Best Management Practices

Riparian areas should be managed to protect vegetation characteristics. Best management practices (BMPs) for riparian areas focus on preserving or restoring proper vegetative composition and function. BMPs should also address nearby land uses, which may also impact the health riparian area, such as stormwater runoff.

The Flowline data, Wetlands data, and Waterbody data can be used to identify riparian areas in the county.

Livestock: Grazing and watering can significantly impact riparian vegetation through trampling, soil compaction, excessive nutrient input, and consumption of vegetation. Proper management of livestock in these sensitive areas will prevent the most serious impacts. Management actions include vegetation use limits, fencing, herding, change of livestock class, temporary closures, repair of erosional channel features, change of season, and/or alternate development or relocation of water sources [3].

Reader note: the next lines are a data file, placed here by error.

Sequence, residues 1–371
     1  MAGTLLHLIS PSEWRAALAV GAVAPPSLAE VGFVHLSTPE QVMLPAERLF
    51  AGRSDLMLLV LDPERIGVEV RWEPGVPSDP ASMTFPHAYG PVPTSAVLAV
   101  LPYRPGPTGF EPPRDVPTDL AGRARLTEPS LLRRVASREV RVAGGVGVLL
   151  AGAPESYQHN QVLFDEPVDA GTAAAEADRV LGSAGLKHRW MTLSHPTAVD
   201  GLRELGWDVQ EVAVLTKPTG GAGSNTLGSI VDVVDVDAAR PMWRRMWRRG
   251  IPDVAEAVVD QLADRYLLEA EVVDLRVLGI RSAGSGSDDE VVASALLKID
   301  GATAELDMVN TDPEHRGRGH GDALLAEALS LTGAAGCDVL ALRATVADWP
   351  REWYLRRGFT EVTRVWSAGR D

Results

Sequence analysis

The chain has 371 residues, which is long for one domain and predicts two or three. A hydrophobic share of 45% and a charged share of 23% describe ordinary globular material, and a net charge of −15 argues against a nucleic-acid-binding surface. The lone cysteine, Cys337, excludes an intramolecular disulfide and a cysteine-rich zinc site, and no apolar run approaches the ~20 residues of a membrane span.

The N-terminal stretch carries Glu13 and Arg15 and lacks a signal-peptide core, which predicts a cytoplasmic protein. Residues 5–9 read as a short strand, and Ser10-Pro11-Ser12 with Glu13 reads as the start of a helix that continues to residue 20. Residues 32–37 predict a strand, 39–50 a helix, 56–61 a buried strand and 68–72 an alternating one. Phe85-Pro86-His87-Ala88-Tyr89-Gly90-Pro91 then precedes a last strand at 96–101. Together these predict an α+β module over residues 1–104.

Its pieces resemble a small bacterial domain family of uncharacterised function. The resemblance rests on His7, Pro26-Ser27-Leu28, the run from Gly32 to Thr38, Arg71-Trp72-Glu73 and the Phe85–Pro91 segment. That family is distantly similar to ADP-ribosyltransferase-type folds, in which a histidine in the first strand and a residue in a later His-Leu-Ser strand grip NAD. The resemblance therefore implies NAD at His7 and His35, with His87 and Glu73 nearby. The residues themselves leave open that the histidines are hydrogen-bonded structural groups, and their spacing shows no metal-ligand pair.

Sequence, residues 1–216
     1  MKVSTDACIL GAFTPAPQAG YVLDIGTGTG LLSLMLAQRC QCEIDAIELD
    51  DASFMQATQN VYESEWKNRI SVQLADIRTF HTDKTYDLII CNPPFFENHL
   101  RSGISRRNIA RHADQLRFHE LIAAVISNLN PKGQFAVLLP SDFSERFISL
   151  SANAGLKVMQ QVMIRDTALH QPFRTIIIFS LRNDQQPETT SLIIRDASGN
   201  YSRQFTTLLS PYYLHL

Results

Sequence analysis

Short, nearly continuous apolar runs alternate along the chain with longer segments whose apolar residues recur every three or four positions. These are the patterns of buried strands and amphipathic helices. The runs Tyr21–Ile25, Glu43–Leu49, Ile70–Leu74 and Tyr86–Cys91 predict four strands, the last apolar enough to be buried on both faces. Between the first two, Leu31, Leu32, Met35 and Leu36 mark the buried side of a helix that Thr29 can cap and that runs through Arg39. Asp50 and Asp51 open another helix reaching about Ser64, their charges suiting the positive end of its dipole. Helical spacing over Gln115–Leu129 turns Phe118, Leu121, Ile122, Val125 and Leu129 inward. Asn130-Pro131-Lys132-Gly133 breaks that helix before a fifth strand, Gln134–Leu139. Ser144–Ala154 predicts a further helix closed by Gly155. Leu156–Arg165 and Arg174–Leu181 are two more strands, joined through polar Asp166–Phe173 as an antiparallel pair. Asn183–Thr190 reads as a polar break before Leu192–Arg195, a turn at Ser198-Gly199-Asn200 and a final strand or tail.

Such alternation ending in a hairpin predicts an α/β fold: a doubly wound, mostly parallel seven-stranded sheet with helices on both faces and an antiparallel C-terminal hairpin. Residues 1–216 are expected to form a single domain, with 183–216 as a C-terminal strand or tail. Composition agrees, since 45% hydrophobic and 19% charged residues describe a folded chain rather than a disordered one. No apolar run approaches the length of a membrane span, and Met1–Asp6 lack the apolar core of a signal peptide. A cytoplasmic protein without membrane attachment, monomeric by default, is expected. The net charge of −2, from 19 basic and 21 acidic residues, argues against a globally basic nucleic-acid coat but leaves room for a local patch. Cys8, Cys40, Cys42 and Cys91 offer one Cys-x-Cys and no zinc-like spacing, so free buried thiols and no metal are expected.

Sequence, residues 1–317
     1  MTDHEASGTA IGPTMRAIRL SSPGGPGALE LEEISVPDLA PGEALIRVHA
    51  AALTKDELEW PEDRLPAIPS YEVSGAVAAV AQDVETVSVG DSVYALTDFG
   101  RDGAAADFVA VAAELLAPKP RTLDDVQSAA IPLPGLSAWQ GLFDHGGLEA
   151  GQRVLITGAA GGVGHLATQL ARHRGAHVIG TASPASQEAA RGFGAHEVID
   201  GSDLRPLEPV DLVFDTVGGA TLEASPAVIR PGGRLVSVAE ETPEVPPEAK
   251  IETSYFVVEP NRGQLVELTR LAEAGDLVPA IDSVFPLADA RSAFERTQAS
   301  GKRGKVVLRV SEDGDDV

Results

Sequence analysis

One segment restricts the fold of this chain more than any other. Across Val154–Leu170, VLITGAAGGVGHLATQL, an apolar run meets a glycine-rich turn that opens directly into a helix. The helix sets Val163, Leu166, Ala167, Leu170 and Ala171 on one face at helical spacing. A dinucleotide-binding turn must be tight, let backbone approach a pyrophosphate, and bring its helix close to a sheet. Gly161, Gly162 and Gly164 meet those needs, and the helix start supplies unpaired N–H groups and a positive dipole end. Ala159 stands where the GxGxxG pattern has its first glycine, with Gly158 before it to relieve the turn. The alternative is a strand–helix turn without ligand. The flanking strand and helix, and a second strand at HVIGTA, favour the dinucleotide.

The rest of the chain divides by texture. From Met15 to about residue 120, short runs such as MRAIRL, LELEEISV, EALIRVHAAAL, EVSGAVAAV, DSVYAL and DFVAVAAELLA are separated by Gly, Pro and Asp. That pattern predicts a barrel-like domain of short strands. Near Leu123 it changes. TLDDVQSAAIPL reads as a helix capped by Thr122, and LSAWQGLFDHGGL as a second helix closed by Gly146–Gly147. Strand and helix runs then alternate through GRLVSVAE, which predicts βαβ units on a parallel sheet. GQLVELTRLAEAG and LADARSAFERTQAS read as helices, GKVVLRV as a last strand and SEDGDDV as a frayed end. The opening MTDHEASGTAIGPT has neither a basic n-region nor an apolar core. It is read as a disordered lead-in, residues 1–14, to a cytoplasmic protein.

Noxious weeds: Weed control is an important component of riparian area management. Riparian areas are often disturbed by flooding, human land use, and other events, and they may become prime locations for the establishment of invasive and noxious weeds. In the MAG region, tamarisk, Russian olive and phragmites are common within riparian areas. Management includes good detection procedures, weed control and treatment, proper land use protocols, and restoration [4].

Conservation: This includes preserving existing riparian areas as well as restoring degraded ones. Preservation should include the dedication of sufficient water and groundwater to support vegetation. Limiting the removal of water from the system is critical for this purpose. Restoration efforts must consider factors like hydrology, floodplain, and adjacent land use. Restoration design of riparian areas should follow a protocol that accounts for stream hydrology, soil characteristics, vegetation, adjacent land use, recreation, and other influences [5]. Stream or river modifications may require permits. The Utah Division of Water Rights processes stream alteration permits in conjunction with the US Army Corps of Engineers.